Justin Kerswill’s life was turned upside down.
He had just visited Igoma in Tanzania and saw the devastation caused to families by diseases such as AIDS and malaria.
The scenes have stayed with him over the past couple of years and that’s why he’s determined to go back to work with the Stouffville Igoma Partnership.
He is part of a group leaving from Stouffville May 27. He’ll be joined by his mother, Susan, a nurse who is visiting Igoma for the first time to assist at the local clinic. Most of the other group members are from Stouffville, with some coming from Markham and Uxbridge.
The trip will be particularly poignant for Mr. Kerswill since an Igoma resident named Samuel, the carpenter who worked so closely with partnership members on various building projects, died recently of malaria at the age of 32. He left his wife and six children.
Samuel was in the process of renovating his house when he died.
Because he had worked so closely with SIP members, “we have the need to finish it for him”, Mr. Kerswill said.
To support the Stouffville Igoma Partnership’s latest venture, Mr. Kerswill is hosting and playing in his second annual Arts for Africa concert April 28 at the Main Course Restaurant at 6298 Main St. in Stouffville.
The concert begins at 6 p.m., featuring performances by local musicians Gypsy Grass, Carys Montgomery, J.P. Belanger, Zealand and others. Works by local artists will be on display.
Although the first contact with Igoma was made by members of EastRidge Evangelical Church eight years ago, now the group includes church members and people from the wider community. Several of them are making their first trip to the African country.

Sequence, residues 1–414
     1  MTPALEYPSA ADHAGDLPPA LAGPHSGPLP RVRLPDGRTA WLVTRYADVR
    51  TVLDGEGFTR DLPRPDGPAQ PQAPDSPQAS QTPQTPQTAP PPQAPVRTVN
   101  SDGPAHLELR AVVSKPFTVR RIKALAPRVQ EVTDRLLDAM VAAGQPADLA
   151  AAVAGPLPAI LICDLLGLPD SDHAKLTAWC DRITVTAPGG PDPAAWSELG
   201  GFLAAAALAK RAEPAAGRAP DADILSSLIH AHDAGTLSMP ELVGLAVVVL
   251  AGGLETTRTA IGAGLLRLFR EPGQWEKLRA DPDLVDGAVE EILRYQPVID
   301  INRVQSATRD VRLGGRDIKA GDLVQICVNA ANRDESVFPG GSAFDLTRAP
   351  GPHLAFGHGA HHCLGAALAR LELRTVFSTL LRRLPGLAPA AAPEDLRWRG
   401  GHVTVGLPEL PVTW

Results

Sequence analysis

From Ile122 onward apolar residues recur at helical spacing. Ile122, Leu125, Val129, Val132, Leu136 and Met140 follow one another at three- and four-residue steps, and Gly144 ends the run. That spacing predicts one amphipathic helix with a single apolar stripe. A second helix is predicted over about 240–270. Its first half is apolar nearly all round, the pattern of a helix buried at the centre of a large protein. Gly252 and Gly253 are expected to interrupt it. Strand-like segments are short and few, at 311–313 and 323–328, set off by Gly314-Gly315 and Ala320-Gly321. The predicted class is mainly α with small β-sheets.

Group members are Cathy Anderson, Rod Anderson, Katherine Gray, Joel Heppner, Peter Boudewyn, Yvonne Boudewyn, Justin Kerswill, Susan Kerswill, Vanessa Fockler, Lois Maillet, Lou Geense, Jonathan Soukup, Harold Wideman, Mike Morrison and Mike Brennan.
The group returns June 20.
They’ll be tackling a variety of jobs in Igoma. One is to expand the clinic built with the support of Stouffville residents. It has now been approved by the Tanzanian government as a mother and child health clinic, providing immunizations and other services. A storage facility will also be created at the clinic, as well as a room for the ultrasound machine brought over by partnership last year. Some group members will be helping to add rooms on to an existing church in neighbouring towns.
Another members will oversee the I Care child sponsorship program run out of EastRidge.
“We ensure that all the money you give goes to Tanzania,” Pastor Lou Geense said.
Mr. Kerswill wants to see more people involved with helping people in Igoma. He would like to see other municipalities follow the partnership model of helping others.
For reservations to Arts for Africa, call 905-642-2122.
By Hannelore Volpe
Staff Writer, The Stouffville Sun-Tribune